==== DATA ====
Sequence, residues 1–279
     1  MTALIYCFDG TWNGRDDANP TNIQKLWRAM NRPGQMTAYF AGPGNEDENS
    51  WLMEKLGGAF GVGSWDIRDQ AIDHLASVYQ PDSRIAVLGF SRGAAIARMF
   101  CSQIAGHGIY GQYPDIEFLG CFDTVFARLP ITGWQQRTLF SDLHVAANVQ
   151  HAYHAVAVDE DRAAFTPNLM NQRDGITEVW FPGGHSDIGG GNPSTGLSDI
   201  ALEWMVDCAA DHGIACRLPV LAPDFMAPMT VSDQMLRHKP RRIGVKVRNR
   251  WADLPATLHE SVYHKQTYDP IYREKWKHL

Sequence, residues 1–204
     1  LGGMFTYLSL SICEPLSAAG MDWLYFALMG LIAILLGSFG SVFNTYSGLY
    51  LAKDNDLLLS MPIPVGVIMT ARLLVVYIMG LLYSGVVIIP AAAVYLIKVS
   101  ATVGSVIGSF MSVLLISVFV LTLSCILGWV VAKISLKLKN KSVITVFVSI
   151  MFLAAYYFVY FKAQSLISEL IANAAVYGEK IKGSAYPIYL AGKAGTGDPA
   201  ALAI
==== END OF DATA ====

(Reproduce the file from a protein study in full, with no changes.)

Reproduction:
Sequence, residues 1–279
     1  MTALIYCFDG TWNGRDDANP TNIQKLWRAM NRPGQMTAYF AGPGNEDENS
    51  WLMEKLGGAF GVGSWDIRDQ AIDHLASVYQ PDSRIAVLGF SRGAAIARMF
   101  CSQIAGHGIY GQYPDIEFLG CFDTVFARLP ITGWQQRTLF SDLHVAANVQ
   151  HAYHAVAVDE DRAAFTPNLM NQRDGITEVW FPGGHSDIGG GNPSTGLSDI
   201  ALEWMVDCAA DHGIACRLPV LAPDFMAPMT VSDQMLRHKP RRIGVKVRNR
   251  WADLPATLHE SVYHKQTYDP IYREKWKHL

Sequence, residues 1–204
     1  LGGMFTYLSL SICEPLSAAG MDWLYFALMG LIAILLGSFG SVFNTYSGLY
    51  LAKDNDLLLS MPIPVGVIMT ARLLVVYIMG LLYSGVVIIP AAAVYLIKVS
   101  ATVGSVIGSF MSVLLISVFV LTLSCILGWV VAKISLKLKN KSVITVFVSI
   151  MFLAAYYFVY FKAQSLISEL IANAAVYGEK IKGSAYPIYL AGKAGTGDPA
   201  ALAI